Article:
I have officially begun my first “non-core” semester at Harvey Mudd. With the end of what feels like a significant chapter of my time here, I have been reflecting on what I learned from core… and I mean like what I reaaaally learned. Sure, I can tell you a few things about unit cells, Style and Grace, reference frames, Robespierre, and Picobot, but that’s not what I’m going to look back on this and remember.
Problem solving skills, grit, allies, perspective- the list goes on. Instead of just leaving you with a nice collection of buzzwords, I want to give you a little more insight into what I have gained from core. I want to emphasize the I in “what I have gained”. Everybody’s experience is unique and I speak only on behalf of mine. With that being said….
On Community and Connection
There are many experiences that are central to being a Mudder: late night Jay’s runs, getting lost in the Libra Complex, wondering what time the mail room opens, and of core-se, c o r e.
Group work is heavily integrated in all core classes. From labs, class discussions, peer reviews, group projects, and more, core requires that Mudders work alongside one another in areas that are both their strengths and weaknesses.
Not only does this help students learn to work well in teams with diverse groups of people, it also introduces students to each other. No matter what dorm or extracurricular activities you choose to immerse yourself in outside of class, you are going to meet students from your class in core courses that you may never have interacted with otherwise.
On the contrary, while you are interacting with many new people in class, you are also taking the same classes as your friends. Now that I’ve begun taking off campus humanities and classes specific to my major, I realize how convenient it has been to have taken the same classes as my closest friends for the past three semesters. From now on, my study groups will evolve, and I will further develop the connections that I’ve made with the peers that I met in core classes.
While the mere socialization and interactions of each class strengthens the community, core does much more than that. Core challenges many students (eg. Me), in ways they have never been challenged before. It was fun at times, especially when taking courses that related to my areas of interest, but it was also stressful. The challenges that core presents become a “rite of passage” that connects students across classes, majors, and even generations.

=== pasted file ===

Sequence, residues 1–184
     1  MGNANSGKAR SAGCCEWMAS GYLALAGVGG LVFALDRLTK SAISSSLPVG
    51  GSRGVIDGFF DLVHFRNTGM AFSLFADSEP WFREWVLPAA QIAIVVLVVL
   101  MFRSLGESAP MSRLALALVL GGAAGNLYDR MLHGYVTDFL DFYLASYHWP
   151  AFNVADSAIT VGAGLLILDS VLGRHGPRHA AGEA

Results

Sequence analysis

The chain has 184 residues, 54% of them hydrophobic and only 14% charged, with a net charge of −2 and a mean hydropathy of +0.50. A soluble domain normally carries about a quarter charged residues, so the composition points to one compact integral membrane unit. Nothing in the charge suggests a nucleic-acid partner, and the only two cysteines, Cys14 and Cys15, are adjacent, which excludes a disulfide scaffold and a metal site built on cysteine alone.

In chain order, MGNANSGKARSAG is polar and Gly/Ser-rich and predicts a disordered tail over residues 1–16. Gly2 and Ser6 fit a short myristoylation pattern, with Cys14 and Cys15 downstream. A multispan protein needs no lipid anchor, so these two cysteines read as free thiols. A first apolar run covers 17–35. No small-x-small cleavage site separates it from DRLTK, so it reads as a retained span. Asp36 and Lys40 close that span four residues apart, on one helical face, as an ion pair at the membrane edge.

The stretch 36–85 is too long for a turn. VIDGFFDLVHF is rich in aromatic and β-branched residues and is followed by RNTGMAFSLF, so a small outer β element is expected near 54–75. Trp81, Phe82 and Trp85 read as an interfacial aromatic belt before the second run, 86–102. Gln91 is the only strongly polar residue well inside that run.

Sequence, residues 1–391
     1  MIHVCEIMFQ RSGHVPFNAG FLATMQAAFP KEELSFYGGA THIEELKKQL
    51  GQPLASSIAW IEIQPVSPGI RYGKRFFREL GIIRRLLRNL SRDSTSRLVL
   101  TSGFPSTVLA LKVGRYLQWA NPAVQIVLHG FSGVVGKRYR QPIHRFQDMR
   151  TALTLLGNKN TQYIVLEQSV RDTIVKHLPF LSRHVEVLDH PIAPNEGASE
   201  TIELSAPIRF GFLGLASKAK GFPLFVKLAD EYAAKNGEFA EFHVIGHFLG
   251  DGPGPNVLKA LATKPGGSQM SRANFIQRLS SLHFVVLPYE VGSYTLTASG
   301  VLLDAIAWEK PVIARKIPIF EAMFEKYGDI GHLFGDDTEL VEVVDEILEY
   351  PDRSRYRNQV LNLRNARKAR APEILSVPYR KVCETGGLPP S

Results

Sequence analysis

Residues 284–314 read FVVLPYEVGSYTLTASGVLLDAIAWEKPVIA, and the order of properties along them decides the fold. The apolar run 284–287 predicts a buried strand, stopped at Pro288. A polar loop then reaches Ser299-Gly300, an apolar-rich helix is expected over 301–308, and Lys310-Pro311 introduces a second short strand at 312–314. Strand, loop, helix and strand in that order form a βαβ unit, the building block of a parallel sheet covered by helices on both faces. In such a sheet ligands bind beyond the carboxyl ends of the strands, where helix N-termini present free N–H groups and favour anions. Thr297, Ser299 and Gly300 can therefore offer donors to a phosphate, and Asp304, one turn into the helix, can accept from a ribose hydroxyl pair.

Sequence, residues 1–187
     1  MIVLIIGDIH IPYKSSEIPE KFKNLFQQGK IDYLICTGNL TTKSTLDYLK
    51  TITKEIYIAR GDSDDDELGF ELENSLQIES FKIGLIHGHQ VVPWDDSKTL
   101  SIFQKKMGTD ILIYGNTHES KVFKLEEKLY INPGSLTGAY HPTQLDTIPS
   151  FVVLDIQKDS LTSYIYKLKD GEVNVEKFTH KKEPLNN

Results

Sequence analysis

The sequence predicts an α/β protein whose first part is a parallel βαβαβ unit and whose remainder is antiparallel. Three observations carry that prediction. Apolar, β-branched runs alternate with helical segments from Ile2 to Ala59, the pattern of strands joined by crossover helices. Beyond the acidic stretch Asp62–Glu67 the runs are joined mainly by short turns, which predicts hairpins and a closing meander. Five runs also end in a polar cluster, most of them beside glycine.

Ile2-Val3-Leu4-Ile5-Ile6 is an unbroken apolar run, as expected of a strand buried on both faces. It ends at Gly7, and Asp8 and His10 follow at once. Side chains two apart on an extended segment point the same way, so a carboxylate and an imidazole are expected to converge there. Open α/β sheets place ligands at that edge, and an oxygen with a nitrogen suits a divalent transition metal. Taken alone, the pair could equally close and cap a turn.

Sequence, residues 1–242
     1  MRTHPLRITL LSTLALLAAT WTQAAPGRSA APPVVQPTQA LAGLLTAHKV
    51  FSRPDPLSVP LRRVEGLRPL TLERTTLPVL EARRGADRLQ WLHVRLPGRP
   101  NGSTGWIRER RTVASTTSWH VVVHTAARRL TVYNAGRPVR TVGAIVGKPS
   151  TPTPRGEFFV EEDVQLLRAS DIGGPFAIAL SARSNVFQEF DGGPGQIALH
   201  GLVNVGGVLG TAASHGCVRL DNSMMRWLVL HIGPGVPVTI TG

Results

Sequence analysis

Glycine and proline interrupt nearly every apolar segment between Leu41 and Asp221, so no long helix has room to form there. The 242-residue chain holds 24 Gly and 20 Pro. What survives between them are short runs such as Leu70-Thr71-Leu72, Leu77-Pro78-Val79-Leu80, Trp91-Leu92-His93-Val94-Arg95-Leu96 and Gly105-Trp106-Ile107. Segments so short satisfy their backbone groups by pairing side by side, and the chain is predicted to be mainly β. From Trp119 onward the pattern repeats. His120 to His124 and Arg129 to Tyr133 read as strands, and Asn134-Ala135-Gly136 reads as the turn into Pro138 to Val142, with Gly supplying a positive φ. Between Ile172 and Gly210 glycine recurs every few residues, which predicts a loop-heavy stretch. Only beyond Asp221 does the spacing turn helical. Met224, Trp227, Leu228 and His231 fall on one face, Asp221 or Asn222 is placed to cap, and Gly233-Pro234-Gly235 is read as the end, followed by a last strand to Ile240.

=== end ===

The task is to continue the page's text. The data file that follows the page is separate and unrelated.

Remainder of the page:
Although I haven’t been on the other side for very long, I anticipate a long strong sense of accomplishment and with this, respect for my peers’ accomplishments as well. Yes- core fosters interdisciplinary thinking and fulfills countless learning goals, but one of the most valuable things I really got out of core is connection.
On Scope and Personal Ability
Core exposes students to every department at Mudd and provides students with experience working in the laboratories of three different departments.
While I was required to study a similarly diverse range of subjects in high school, I was still exploring which subject intrigued me enough to study in a more advanced setting in college. Now I am in college and I’m still taking classes in topics outside of my chosen focus.
The rigor of the core courses at Mudd require dedicated and engaged study habits, no matter if the student feels strongly connected with the subject matter. That’s where my experience delineates from high school.
I am no longer just dipping my toe in different waters. Core requires that you take a full dive into subjects that you might have considered intimidating, and ones that I personally thought I would never have a chance at succeeding in.
The scope of core has developed me to be adaptable, open minded, and to not shy away from a learning opportunity, no matter how far off a subject seems from my “specialty”. There’s no such thing as tunnel vision here, at least not in the realm of disciplines.
The scope of core taught me to embrace my “uncomfort zone” and it also taught me a lot about the different departments. I gained some familiarity with what each major’s content resembles and have gotten to know at least a couple of professors from each department.
Although I never spent much time deciding between two or more majors, I know a lot of students who have. Having these points of contact representing the different departments can enable students to feel greater mobility between majors. This network of faculty that each student gains throughout core is unique to Mudd and is possible because of our size, campus culture, and truly, because of the scope of core.
On Moving Forward
I have learned a lot from core and I know that even though it’s over, the learning isn’t slowing down anytime soon. I’m thankful for the lessons, formal and informal. From learning how to ask for help from strangers to learning how to juggle what feels like countless problem sets a week, it has challenged me and helped me grow in ways that I never foresaw.
Through core, I gained an invaluable community that I gladly get to spend the next two and half years working alongside. I bonded with my peers, alums, and even future Mudders, too.
I learned what it takes to be a Mudder and I accomplished learning things that I didn’t know I was capable of learning. I am proud of myself and my peers and I’m excited because it’s just the beginning, really.